There is a bumper sticker that reads, “Christians aren’t perfect, just forgiven.” This is a very true statement, but Christians, like myself, can be problematic. We know this. Despite our faith and devotion to living for God with a higher purpose we often find that we fall short of the goal. We all know hypocrites who profess to be one thing but end up being something else entirely and most of us strive not to be one.
The true Christian is one who struggles to do the right thing and then comes clean and asks for forgiveness when they miss the mark. This is something that many non-Christian screenwriters don’t get when writing characters who are people of faith. Hollywood has a tendency to paint Christians with a wide brush. Often they do not trust us and present Christians as characters who SAY the right things while DOING all the wrong things.
I’m not against showing representations of Christians who sin. The bible is full of them. In fact, I think you can create some great theatre doing so as long as you have some other characters alongside them who actually do live out their faith. Sometimes a director will actually ask the advice of Christian actors if their character would really say or do something written in the script, but it’s a rarity. However, when that happens, the stories presented feel a lot more realistic.
Tate Taylor is the writer and director of FOX’s new comedy/drama Filthy Rich. I don’t know if he is a Christian or not, but he grew up in the south (where this show takes place) so I’m sure he has a perspective on how some southern Christians live their lives with some pretending to be all “nicey nice.” I’m just not sure if he understands the whole picture.
Filthy Rich is about the Monreaxus family. The Monreauxes are super-rich Southern family who own the Sunshine Network, a wildly popular Christian TV network. Eugene (Gerald McRaney) is the patriarch of the family and founder of the network. His wife Margaret (Kim Cattrall) is a hybrid of Oprah and Martha Stewart showcasing her cooking talent and offering tidbits of advice. Their son Eric (Corey Cott) leads worship on the show and is destined to fill his father’s shoe’s one day. Their daughter Rose (Aubrey Rose) is trying to become a fashion designer but no one seems to care or notice. (After watching the episode, I’m not sure what she does for the network.) Then there is the Revered Paul Thomas (Aaron Lazar) who does most of the preaching. His daughter Becky (Olivia Macklin) is married to Eric.
The pilot episode begins with the family of four on stage and live in front of the camera. Mother Margaret gets lowered from the ceiling dressed like an angel. The crowd goes wild and she gushes. Soon an announcement is made about the network’s soon-to-open online business (watch out Amazon) so followers of the show can shop at a place with supposedly Christian values. It’s all over-the-top, but this family does appear to love each other and believe what they say. While it is true that not all TV preachers act this way, we all know that there are plenty out there that do.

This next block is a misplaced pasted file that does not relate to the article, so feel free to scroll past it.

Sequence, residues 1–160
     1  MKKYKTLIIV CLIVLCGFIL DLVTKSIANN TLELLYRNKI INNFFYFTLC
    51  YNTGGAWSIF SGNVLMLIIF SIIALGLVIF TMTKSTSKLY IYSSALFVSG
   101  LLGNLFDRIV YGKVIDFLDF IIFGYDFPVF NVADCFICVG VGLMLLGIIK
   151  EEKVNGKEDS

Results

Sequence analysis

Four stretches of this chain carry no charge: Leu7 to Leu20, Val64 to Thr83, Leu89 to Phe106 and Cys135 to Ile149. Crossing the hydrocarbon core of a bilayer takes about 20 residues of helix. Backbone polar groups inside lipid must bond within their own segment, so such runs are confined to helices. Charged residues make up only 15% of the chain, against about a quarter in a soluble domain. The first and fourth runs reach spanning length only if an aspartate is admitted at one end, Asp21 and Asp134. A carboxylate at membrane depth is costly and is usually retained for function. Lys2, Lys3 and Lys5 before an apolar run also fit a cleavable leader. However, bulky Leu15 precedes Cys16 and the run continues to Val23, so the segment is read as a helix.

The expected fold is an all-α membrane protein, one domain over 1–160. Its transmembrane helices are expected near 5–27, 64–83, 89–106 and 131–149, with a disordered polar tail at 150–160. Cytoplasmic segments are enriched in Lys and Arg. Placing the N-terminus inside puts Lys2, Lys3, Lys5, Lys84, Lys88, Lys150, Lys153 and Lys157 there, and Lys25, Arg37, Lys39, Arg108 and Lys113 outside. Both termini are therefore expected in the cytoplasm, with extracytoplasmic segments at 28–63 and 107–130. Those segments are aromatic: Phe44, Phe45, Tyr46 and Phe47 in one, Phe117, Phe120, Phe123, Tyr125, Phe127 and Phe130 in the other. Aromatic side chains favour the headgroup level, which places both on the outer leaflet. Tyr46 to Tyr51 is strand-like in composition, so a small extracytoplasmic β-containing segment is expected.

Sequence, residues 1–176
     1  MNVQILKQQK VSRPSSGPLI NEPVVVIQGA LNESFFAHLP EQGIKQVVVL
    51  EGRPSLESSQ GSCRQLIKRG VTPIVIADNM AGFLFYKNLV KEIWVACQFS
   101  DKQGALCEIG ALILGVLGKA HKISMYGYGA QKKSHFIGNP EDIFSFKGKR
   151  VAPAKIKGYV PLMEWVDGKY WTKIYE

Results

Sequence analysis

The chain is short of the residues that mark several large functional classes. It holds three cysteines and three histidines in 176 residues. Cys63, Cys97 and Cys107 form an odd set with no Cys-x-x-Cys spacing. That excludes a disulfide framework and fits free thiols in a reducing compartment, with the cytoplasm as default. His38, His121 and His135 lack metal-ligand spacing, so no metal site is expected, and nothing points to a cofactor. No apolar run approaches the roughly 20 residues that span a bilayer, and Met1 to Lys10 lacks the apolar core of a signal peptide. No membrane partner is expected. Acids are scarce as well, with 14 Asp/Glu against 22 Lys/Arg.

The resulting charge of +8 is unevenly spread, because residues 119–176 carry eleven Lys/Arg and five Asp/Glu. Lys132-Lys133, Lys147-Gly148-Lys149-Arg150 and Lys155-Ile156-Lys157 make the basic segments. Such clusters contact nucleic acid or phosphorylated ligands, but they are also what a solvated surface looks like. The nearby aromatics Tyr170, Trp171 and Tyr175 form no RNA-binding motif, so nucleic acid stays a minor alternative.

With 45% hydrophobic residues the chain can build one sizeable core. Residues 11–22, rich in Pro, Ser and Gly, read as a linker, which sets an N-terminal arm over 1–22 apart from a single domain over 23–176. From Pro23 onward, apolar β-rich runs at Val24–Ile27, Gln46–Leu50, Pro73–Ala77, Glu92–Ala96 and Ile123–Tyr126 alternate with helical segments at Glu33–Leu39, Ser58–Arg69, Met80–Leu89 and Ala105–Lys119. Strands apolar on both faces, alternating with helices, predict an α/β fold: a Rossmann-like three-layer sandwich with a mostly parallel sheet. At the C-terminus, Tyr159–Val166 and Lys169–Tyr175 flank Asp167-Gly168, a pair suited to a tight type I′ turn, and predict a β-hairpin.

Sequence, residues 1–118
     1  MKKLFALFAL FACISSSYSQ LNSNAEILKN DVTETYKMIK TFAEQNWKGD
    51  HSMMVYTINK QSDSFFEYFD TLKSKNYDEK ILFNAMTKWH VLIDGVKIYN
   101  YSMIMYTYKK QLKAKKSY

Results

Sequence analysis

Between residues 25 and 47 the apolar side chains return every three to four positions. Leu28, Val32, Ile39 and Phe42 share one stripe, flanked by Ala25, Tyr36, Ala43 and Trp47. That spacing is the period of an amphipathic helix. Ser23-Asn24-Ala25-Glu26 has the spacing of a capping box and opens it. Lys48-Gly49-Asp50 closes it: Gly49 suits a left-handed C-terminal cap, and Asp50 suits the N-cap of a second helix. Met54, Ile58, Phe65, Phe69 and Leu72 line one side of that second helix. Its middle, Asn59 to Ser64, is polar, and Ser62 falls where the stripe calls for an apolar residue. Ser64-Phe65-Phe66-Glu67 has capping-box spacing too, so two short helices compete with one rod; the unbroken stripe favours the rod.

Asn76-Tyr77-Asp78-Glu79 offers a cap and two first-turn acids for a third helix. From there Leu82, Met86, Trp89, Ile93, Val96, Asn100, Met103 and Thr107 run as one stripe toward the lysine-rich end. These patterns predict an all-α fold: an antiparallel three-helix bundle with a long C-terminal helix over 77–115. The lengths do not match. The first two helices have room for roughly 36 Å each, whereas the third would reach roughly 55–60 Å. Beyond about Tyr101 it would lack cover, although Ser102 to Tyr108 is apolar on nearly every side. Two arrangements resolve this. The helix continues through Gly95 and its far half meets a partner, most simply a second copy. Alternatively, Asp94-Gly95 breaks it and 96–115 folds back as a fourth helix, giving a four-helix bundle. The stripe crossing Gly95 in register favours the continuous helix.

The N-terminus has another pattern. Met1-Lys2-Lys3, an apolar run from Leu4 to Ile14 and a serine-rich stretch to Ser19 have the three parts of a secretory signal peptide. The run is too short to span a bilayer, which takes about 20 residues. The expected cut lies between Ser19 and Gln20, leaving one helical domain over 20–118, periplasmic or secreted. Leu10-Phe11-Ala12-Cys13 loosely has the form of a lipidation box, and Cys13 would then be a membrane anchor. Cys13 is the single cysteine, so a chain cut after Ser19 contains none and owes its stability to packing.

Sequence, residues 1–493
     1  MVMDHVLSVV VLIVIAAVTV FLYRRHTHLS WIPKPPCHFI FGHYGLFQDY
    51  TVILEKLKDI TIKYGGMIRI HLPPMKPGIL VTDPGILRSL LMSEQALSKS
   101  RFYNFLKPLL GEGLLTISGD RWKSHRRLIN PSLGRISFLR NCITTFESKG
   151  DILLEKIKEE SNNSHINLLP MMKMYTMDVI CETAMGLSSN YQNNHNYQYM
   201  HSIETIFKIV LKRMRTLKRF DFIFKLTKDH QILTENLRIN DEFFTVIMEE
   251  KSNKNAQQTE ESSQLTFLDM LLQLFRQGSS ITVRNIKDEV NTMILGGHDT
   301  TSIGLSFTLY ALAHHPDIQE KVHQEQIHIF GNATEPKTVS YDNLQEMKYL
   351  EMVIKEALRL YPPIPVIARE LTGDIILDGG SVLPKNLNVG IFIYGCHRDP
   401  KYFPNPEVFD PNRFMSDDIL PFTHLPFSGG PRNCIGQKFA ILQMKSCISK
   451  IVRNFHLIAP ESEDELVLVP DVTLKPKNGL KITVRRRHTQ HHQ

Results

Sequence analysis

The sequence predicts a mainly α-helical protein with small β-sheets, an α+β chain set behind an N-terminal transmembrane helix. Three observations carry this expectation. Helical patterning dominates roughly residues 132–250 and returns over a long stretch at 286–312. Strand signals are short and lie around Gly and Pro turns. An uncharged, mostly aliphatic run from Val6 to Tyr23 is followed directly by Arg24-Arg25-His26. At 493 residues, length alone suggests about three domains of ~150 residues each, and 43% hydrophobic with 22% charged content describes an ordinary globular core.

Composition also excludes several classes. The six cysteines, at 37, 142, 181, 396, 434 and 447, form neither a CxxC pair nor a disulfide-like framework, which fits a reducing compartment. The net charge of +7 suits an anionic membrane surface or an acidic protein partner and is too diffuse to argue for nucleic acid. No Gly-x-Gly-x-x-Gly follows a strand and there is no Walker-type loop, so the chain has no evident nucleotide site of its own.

But then tragedy strikes when Eugene dies in a plane crash. But when Franklin Lee (Steve Harris), the family lawyer reads the will, they find that Eugene offers three surprises: he fathered three other children from three other women! Margaret admits that she knew that her husband had some one-night stands and that her husband was always repentant afterward, but this news destroys her. Eric and Rose are both stunned.
The three out-of-wedlock kids are Ginger (Melia Kreiling) who works as a madame, Antonio (Benjamin Levy Aguilar) a single dad and boxer just scraping by and Jason (Mark L. Young) who has a marijuana business. At first Margaret wants to buy off the extended family in hopes that they can keep a lid on this building scandal, but these kids can’t be bought off so easily.
From here it seems that it is all going to go downhill. FOX says, “With monumental twists and turns, not to mention lies, deceit and shade from every direction, Filthy Rich presents a world in which everyone has an ulterior motive – and no one is going down without a fight.” Given the additional surprise shown at the end of the first episode, you know there is more to come.
With the show’s setting aside, Filthy Rich isn’t that good of a show, but the writing is a lot better than FOX’s other new entry for the week: L.A.’s Finest. There is actually some witty banter here and even some likable characters. But then you also have some less-than-godly people trying to set others straight by quoting scripture.
Overall, this is a soapy satire and shouldn’t be taken too seriously and under normal circumstances I might be more open to such a show. But with our current state of the BLM movement, COVID-19, the upcoming election among other things, I’ve had my fill of Christians behaving badly. Perhaps the show will find a way to bring some redemption to these characters, but I won’t be sticking around to find out.
(Main image: L-R: Aaron Lazar, Deneen Tyler, Mark L. Young, Melia Kreiling, Benjamin Aquilar, Gerald McRaney, Kim Cattrall, Aubrey Dollar, Corey Cott, Olivia Macklin and Steve Harris. (Justin Stephens/FOX)
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